Navigating Parenthood as a Young Working Mom

Feb 11, 2023

One Month Old Daughter

It is a chilly Saturday evening as I sit here in my couch, reflecting on the incredible journey of parenthood that I've been through so far as I am approaching 30. Over the past 7 years, I've had the privilege and responsibility of parenting our daughter alongside my very supportive husband. I've cried, failed and most importantly learnt a lot and grown in those many years.

The first few years of our daughter's development were filled with unpredictability in many aspects. From difficult sleep routines to frequent sicknesses but there were still beautiful moments that we loved and cherished. As she grew older, started kindergaten and thereafter primary school, I got to learn some tips that have been instrumental in helping me navigate parenthood in a more graceful way and show up as a sturdy leader.

I share these tips from the perspective of a working mom, who is constantly trying to balance being a good mother and growing my career in the tech space.

10 Strategies of Navigating Parenthood as a Working Mom

1. Wake up before your kids

As a mom, it is important to feed your body and soul in order to help you stay calm and regulate your emotions especially when your child is acting in a manner that agitates you. Waking up before your kids allows you to find time to engage in things that help you with this. This could range anywhere from an early workout, meditation and breathing exercises, seeking spiritual guidance - whatever works for you. You need to feed your body and soul in order to show up better for your kids and family.

2. Teach your kids to plan

Weekly Planning We've all read myriads of quotes that underscore the importance of planning in order to achieve any goal. Think about the long term impact of teaching your children to plan from an early age. I would even go ahead and suggest that you involve them in the planning. In my experience, planning with my daughter increases the motivation towards undertaking that activity. It is also okay if things don't go as planned, what's important is that you put in some thought towards achieving something and you planned for it.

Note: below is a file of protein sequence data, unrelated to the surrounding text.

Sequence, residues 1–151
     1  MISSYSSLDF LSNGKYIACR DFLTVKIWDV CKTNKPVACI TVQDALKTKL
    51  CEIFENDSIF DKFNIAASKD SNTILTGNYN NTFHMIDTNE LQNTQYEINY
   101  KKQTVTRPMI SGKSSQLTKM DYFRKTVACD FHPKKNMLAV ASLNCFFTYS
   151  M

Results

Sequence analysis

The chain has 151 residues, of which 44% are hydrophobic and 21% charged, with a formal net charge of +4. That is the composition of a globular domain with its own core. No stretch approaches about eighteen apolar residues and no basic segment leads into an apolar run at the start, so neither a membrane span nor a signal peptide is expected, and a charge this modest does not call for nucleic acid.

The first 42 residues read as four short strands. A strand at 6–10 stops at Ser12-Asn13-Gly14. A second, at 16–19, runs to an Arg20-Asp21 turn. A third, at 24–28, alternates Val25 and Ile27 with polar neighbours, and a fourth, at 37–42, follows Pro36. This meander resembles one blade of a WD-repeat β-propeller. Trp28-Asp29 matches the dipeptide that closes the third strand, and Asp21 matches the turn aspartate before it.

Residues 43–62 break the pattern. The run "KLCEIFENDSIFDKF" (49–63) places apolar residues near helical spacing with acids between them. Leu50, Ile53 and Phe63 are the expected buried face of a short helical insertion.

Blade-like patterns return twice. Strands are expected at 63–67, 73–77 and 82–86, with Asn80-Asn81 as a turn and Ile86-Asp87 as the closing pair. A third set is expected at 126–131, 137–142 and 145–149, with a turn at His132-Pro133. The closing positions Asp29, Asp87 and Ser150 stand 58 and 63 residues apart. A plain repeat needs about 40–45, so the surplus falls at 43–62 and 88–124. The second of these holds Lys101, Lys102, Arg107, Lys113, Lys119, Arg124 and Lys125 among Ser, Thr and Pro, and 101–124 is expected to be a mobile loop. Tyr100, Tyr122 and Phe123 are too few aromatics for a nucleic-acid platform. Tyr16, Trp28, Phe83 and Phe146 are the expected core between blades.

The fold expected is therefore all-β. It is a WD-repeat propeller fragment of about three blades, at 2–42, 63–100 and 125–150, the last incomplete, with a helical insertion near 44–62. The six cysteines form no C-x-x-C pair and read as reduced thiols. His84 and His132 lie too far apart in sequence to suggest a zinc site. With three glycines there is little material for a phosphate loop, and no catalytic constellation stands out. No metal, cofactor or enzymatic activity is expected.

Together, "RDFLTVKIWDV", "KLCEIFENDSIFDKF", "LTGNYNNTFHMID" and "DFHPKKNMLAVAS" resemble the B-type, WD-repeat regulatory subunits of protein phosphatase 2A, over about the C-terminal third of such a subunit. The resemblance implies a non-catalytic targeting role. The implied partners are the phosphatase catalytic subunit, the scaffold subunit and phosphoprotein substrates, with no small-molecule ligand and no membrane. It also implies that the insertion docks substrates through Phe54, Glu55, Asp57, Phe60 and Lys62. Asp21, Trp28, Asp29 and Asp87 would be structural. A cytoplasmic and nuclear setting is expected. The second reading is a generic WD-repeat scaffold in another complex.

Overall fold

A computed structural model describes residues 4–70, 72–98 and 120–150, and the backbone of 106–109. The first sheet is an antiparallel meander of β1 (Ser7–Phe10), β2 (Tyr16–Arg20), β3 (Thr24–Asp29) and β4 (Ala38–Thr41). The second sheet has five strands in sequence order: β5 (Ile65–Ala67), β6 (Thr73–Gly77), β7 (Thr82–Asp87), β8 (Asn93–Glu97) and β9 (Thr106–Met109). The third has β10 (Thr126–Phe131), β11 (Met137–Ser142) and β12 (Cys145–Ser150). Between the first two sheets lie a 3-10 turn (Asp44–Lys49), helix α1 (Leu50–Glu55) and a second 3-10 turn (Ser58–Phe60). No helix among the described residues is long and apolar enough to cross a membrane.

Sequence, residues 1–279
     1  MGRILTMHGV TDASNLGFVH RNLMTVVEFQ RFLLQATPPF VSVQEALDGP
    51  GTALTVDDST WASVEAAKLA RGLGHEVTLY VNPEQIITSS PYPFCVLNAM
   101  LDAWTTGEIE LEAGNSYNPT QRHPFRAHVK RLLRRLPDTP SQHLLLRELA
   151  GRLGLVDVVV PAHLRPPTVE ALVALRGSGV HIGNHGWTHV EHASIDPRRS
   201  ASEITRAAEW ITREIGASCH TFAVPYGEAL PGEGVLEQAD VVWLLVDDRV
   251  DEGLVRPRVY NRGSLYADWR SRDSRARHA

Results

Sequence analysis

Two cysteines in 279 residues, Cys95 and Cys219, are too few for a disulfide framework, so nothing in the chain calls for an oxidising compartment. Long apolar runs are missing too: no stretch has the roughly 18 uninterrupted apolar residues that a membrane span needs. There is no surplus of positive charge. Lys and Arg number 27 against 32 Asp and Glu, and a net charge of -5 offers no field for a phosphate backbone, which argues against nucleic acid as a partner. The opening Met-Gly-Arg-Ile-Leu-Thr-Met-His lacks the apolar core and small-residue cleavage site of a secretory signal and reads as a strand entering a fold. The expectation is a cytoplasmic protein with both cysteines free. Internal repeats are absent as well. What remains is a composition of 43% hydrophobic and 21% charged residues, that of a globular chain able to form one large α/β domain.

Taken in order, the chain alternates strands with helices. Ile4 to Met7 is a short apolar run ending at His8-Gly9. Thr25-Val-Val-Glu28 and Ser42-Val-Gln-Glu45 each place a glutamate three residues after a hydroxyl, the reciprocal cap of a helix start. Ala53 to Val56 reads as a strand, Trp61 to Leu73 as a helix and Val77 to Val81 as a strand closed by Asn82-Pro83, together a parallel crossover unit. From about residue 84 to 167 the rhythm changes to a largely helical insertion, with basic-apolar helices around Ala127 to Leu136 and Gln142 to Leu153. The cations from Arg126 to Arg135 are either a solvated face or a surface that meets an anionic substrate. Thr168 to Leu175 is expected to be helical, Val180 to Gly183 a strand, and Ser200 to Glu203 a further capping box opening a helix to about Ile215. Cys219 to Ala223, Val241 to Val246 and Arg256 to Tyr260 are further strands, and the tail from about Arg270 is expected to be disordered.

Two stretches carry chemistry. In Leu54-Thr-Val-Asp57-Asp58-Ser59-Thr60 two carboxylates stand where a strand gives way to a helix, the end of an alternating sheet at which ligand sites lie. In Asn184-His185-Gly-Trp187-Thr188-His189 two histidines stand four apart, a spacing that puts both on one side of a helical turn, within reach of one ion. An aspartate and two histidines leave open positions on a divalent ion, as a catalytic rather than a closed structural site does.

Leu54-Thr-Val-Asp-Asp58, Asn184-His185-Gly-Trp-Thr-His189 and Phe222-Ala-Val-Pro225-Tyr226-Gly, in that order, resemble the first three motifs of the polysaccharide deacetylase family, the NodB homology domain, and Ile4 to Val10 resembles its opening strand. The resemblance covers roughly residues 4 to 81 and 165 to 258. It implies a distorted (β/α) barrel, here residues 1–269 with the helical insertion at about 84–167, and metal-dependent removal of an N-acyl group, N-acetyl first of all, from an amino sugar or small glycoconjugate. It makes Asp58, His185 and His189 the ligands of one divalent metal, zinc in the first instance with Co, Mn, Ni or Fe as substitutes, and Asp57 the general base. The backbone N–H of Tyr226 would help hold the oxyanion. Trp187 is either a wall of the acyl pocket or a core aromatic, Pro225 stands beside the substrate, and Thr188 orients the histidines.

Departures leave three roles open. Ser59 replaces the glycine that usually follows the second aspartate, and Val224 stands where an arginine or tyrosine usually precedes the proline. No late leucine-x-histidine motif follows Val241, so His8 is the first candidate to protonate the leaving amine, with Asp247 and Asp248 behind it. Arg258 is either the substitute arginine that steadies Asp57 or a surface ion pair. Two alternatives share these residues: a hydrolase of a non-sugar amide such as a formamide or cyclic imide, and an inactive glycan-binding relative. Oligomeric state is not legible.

3. Teach your kids to help with chores

This may sound obvious to anyone who was brought up in a household where doing chores was part of the daily routine. However, in this modern day, that seems to be fading away as children are allowed to spend all their time playing video games or watching TV while a nanny or the parents do all their chores. I strongly believe that children should help with chores as this builds a sense of responsibility that we all need as we grow up to become adults. Let your child make their own bed, cleanup the table after meals, wipe and arrange their own study tables e.t.c

4. Teach your kids to wake themselves up

One Month Old Daughter I'll admit that I learnt about this a little late into the journey. Even so, it has been so crucial to my morning routines when getting ready for school. As a parent, one of the skills you need to build in your child is independence. One way to do that is to get them to wake themselves up. You need to do this at an age early enough before they become resentful about waking up early in the morning to go to school. Involve them even in choosing an alarm clock that they really like and buy it for them. Even though you start late like I did, you can cajole them about how much fun it would be if they'd get themselves up instead mommy clomping into their bedroom to get them out of bed with a lot of fuss.

5. Use a reward mechanism to encourage good behaviour.